For those of you who read this blog since I started it, you probably know that I am a huge proponent of architecture and design in software development. I am also convinced that agile methodologies help us build better products.
A framework like Scrum is very good for managing software projects but it may not provide enough information for less experienced agile teams, or teams working in a complex environment (multiple Scrum teams, programs, agile initiatives at the enterprise level). And architecture and design are not really first class citizens in Scrum.
Here comes SAFe, the Scaled Agile Framework. And guess what ? Architecture is part of the framework. I like it! Looking at the SAFe big picture
, the first thing that you will notice is that there are three different levels: Team, program, and portfolio. Let's have a look at the architecture in those levels from an architecture standpoint.
The team level is where the agile team define, build, and test stories during iterations. During a time-box, the team builds assets until they deliver a Potentially Shippable Increment (PSI). The main architectural concepts at the team level are the Spikes, the NFRs, and the Refactoring.
The notion of spike comes from XP and it is good to see it reintroduced here. A technical spike is an activity to explore potential solution for a complex technical or design problem.
Non-Functional Requirement (NFR), sometime called Quality of Service, is a constraint to the system. Any agile team building a software-intensive system has to take into account requirements such as availability, scalability, security, or transactional throughput.
Refactoring is another important architectural concept. It may be used to reduce the technical debt or to address emerging design needs (including new NFRs)
SAFe introduces the concept of the Agile Release Train (ATR), where the ATR “is to the program what an iteration is to the team”. To put it simple, a train delivers features in a release, at a regular cadence.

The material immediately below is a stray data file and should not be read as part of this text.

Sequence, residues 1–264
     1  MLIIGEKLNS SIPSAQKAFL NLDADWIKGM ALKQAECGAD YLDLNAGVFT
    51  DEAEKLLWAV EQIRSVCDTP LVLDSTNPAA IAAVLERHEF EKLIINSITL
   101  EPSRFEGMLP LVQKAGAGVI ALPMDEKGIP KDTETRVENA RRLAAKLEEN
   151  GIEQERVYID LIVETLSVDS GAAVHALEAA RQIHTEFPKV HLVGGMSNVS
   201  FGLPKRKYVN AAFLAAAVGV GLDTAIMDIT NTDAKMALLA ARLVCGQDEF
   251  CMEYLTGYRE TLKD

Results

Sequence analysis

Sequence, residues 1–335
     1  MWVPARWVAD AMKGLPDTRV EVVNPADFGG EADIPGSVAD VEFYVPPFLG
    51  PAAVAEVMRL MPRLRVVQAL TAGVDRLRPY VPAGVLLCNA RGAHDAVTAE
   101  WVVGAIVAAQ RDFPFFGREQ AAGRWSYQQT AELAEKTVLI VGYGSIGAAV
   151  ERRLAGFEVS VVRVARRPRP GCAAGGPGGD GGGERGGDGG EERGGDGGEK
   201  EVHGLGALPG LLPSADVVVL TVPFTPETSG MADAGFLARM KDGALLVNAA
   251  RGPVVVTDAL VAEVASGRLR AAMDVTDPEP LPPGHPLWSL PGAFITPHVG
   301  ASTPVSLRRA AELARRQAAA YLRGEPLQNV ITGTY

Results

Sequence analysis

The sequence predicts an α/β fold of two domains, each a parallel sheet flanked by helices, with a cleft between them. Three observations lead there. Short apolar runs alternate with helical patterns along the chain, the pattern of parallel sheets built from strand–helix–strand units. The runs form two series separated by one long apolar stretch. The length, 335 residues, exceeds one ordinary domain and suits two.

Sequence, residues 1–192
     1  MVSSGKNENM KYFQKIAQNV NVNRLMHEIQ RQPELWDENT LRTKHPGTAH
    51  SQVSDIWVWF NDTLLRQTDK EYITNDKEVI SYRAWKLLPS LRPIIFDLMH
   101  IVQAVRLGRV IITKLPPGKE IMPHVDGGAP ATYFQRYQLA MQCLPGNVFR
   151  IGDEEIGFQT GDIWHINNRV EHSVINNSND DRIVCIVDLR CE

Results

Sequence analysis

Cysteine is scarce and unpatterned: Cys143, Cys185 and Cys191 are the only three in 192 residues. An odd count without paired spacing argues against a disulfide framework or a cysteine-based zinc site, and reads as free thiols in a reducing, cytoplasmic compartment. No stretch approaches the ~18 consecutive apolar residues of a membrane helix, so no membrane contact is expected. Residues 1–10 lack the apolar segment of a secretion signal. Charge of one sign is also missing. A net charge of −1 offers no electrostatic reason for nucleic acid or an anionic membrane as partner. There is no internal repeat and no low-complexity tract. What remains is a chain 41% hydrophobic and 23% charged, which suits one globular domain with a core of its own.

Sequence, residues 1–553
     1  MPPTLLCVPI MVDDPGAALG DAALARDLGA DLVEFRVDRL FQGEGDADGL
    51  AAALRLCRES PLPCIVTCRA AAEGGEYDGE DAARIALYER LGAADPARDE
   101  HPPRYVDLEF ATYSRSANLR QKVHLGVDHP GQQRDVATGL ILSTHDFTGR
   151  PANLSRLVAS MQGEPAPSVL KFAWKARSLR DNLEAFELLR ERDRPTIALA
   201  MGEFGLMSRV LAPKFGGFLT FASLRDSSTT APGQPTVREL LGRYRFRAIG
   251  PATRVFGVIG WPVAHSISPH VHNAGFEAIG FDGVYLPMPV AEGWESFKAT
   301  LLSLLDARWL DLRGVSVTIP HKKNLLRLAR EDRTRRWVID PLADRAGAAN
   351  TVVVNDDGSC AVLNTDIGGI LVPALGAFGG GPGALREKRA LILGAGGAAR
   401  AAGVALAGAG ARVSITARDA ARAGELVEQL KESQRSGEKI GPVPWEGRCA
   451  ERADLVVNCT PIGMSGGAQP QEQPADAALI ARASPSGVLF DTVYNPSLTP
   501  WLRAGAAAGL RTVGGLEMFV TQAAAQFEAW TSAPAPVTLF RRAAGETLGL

An architectural feature is the technical aspect of a system that is needed to support a business functionality. Over time, architectural features may evolve into NFRs.
With architectural features implemented in a program, the enterprise incrementally builds an architectural runway. Instead of big up-front architecture, agile teams develop the technology platforms to support business needs during each release.
At the program level, the System Architect is responsible for the technical framework to support business needs. Architects focus on architectural features and NFRs. They are involved in the architectural runway. System architect is a role, not a job position. The role can be played by different individuals.
The portfolio level is where the enterprise defines its vision, its business strategy. High priority investment themes are implemented through agile programs to achieve business results.
Architectural epics are large technology initiative at the portfolio level. New epics are continuously identify to improve the technology platforms that deliver business functionality.
The Enterprise Architect operates at the portfolio level. The role is to drive the work around architectural epics and support the development team as needed. SAFe suggests a Kanban approach to manage architectural epics.
SAFe is not meant to replace Scrum, but to scale Scrum to an enterprise business context. If you have to manage a portfolio and multiple programs in your organization, then SAFe can be a good option for you. And at the team level, agile team can keep using Scrum or other agile frameworks.
With SAFe, architecture is back in the game, and architectural activities are no longer hidden. Pragmatic architects, the agile world can be SAFer with you. So don't miss the train!